Paul Ryan once said that the reason he got into public service was because he had been inspired by Ayn Rand. But as anyone who is even superficially familiar with the late libertarian knows, Rand’s philosophy left no room for “public service.” She envisioned a place in which government does not exist, where the weak are left to struggle on their own, and society is propelled forward by the John Galts of the world, or as Ryan calls them, “job creators.” Of course, for all of Rand’s philosophical broadsides against government, she had no qualms about collecting Medicare and Social Security benefits.
In truth, this hypocrisy is about the only similarity between Ryan and Rand. To say that Ayn Rand inspired him to become a public servant is tantamount to Ryan admitting that he does not actually believe in public service, except to the extent that he wants to reduce the number of services provided to the public. Though this understanding of the idea is odd, it is not necessarily a contradiction. If Ryan really believes the public is best served by a government that is limited in its powers and scope—as most Republicans claim to believe—then so be it.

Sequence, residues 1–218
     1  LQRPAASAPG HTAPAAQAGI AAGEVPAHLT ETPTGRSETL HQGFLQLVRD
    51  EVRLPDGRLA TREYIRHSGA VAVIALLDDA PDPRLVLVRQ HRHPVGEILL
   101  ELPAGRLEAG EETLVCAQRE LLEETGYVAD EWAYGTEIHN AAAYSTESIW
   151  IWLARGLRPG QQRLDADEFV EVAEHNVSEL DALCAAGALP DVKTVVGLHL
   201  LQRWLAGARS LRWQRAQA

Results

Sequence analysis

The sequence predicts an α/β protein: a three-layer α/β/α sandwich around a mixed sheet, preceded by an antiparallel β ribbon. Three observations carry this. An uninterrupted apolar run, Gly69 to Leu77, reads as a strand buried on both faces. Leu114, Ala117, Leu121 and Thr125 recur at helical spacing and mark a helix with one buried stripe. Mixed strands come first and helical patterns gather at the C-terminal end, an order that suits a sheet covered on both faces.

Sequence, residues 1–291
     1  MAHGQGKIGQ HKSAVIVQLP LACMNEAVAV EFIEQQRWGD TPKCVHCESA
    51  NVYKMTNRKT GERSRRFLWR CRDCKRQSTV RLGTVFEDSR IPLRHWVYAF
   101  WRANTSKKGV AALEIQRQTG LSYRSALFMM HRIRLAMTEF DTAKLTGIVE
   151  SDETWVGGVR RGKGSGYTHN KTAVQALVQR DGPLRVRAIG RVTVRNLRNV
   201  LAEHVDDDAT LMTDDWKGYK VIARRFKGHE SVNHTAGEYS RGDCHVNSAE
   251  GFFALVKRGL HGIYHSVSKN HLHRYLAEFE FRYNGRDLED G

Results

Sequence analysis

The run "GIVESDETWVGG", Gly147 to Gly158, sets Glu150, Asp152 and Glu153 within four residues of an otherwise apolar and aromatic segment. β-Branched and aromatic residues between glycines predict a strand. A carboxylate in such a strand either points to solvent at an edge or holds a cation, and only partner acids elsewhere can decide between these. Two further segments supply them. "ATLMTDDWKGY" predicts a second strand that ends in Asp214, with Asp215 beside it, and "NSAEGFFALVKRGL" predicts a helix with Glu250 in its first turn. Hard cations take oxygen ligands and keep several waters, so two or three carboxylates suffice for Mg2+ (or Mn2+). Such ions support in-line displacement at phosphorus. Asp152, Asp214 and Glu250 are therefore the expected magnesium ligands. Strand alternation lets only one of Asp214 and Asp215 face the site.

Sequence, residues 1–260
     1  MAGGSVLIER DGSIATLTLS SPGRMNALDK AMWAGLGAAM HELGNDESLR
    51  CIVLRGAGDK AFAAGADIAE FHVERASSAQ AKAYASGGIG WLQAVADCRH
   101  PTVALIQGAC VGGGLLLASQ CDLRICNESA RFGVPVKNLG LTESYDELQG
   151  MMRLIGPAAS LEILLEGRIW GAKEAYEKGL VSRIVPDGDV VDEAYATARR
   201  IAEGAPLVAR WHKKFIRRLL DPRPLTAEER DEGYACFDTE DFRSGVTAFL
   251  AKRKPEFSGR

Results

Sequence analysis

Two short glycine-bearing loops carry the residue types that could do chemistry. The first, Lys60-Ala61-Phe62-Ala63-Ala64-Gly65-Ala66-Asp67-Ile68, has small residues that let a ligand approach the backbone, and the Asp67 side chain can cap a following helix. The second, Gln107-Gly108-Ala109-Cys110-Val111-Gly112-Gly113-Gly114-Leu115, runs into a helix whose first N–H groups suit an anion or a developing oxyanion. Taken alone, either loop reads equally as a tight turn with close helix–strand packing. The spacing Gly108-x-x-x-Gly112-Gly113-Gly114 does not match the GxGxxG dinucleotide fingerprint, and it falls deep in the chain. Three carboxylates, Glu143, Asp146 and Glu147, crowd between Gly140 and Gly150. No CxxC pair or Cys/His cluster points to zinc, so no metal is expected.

But what does Ryan’s record indicate?
Based on what mainstream pundits are saying, Paul Ryan is either a bold choice with a grand vision to fix the country’s dire fiscal problems, or a radical Tea Party ideologue who wants to push America’s grannies off a cliff.
Both assessments are wrong.
Paul Ryan isn’t bold, and he’s no more of an extremist than Mitt Romney. Instead, Paul Ryan is your basic pro-bank bailout, anti-civil liberties, warmongering politician who wants to finance tax cuts for the wealthy by slashing social programs. Subsequently, Ryan has the temerity to insist that we, all of us, need to have an “adult conversation” about the state of the country’s finances, as if the American public, and not Ryan, has been the one exploding the national debt with votes in favor of the Afghanistan war, the Iraq war, the Medicare Prescription Drug, Improvement, and Modernization Act that was essentially $500 billion taxpayer-funded giveaway to the pharmaceutical industry, among other boondoggles.
In the end, Ryan’s record won’t be all that impactful because his positions mirror those of Romney’s on most major issues. The media is so desperate for new angles in this intolerably boring race between Obama and Romney, that they’re eager to portray Paul Ryan as a radical departure from business as usual, but in fact Paul Ryan is business as usual.